Agriculture / Animal Feeding / DRYLANDSCRP / East Africa / Ethiopia / Feeds / Fodder / Forages / HUMIDTROPICS / LIVESTOCKFISH / Project / Value Chains

Refining livestock feed assessment tools – ILRI’s work in 2012

Researchers testing tools with farmers

Feed is often cited as the first limiting constraint to livestock intensification in smallholder mixed-crop farming systems in developing countries.

However attempts to deal with the feed constraint tend to focus on promotion of a fairly standard set of feed technologies with often disappointing results. Our experience is that feed intervention failures can be traced to three main issues:

  • Failure to place feed in broader livelihood context;
  • Lack of farmer design and ownership;
  • Neglect of how interventions fit the context: land, labour, cash, knowledge etc.

To address these three key issues, in 2012,ILRI and some of its international and national partners tested and refined emerging tools for feed resource and demand assessment, value chain analysis, rapid market appraisal and feed technology prioritization. The idea is that these will be taken up and used in CGIAR Research Programs – notably Livestock and Fish, Dryland Systems, and Humidtropics.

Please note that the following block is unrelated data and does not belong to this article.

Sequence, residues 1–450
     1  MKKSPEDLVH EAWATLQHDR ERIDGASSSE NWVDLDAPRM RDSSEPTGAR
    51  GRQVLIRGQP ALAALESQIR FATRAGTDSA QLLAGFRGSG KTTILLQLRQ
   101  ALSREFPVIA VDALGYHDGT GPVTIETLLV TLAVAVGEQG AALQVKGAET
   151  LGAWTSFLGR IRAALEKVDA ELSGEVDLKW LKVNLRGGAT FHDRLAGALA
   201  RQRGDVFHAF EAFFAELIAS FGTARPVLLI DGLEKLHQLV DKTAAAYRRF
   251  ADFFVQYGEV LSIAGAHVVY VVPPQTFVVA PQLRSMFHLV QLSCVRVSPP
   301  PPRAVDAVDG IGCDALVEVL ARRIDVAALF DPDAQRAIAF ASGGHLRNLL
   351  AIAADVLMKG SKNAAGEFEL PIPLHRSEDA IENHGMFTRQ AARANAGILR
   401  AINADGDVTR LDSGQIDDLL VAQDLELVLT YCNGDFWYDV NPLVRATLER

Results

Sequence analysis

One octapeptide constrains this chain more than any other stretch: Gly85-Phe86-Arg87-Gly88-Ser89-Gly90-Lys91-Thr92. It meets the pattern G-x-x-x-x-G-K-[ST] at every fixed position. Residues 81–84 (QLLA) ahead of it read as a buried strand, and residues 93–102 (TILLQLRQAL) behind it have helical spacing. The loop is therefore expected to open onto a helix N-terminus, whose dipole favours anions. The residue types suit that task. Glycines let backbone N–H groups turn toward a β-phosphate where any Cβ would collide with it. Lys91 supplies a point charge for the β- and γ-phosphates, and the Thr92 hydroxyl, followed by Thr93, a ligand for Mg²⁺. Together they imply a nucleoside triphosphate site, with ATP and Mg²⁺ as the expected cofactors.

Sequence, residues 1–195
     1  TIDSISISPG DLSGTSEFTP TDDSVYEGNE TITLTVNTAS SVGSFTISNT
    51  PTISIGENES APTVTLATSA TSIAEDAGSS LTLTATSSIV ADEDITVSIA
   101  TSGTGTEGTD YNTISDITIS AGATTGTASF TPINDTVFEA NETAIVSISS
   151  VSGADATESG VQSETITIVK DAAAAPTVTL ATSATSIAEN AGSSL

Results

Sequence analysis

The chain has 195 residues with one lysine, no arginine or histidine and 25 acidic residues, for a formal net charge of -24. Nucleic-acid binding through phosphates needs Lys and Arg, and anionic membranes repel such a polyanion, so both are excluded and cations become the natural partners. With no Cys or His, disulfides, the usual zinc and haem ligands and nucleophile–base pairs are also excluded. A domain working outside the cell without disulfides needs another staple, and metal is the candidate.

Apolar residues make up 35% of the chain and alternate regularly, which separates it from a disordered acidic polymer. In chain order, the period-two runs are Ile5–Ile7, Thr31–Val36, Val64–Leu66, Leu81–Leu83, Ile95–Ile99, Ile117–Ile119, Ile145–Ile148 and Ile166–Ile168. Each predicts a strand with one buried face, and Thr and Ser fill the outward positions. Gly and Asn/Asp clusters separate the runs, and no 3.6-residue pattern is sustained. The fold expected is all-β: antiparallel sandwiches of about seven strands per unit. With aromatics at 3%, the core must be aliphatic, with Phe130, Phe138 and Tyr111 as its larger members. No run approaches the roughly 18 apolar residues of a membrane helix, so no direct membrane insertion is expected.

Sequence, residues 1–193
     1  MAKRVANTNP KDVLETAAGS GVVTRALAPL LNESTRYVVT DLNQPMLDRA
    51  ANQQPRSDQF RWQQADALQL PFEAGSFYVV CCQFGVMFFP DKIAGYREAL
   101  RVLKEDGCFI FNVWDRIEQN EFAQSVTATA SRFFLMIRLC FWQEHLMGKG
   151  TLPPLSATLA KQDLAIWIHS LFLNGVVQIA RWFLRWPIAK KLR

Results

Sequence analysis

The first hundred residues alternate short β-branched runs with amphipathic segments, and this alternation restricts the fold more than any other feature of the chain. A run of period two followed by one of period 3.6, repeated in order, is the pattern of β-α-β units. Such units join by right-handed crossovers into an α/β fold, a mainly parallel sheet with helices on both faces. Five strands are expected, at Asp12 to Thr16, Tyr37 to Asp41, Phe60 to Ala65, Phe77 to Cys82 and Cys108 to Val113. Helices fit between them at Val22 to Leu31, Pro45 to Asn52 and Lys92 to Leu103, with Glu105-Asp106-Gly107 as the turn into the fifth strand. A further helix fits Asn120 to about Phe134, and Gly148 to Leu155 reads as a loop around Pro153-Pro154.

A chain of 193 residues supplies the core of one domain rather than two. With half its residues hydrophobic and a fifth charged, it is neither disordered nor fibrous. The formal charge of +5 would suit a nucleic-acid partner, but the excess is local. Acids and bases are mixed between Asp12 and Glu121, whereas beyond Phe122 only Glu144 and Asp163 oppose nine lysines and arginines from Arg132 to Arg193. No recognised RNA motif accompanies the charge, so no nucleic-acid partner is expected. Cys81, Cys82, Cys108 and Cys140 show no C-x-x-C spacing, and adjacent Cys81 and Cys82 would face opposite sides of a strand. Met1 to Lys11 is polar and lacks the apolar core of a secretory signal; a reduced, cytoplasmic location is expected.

In this posting, ILRI scientist Alan Duncan looks back on the work of two projects – Ethiopia Livestock Feeds (ELF, funded by ACIAR) and the Africa RISING ‘quickfeed‘ early win project (funded by USAID) to give a brief account of what we learned through testing and developing these tools.

FEAST – a Feed Assessment Tool

FEAST was already reasonably well developed at the outset of the project having been tried in a number of contexts. Our ELF and Quickfeeds project experiences confirmed that the tool is relatively useful in its current form. One of the key strengths of FEAST is that it encourages technical researchers to talk to farmers. Comments from our national research partners suggested that they had found this to be a useful discipline as opportunities to engage directly with farmers are scarce but provide very useful new perspectives. But we need a lot more direct farmer engagement if the technologies developed in research centres are to be useful and appropriate to farmers’ needs.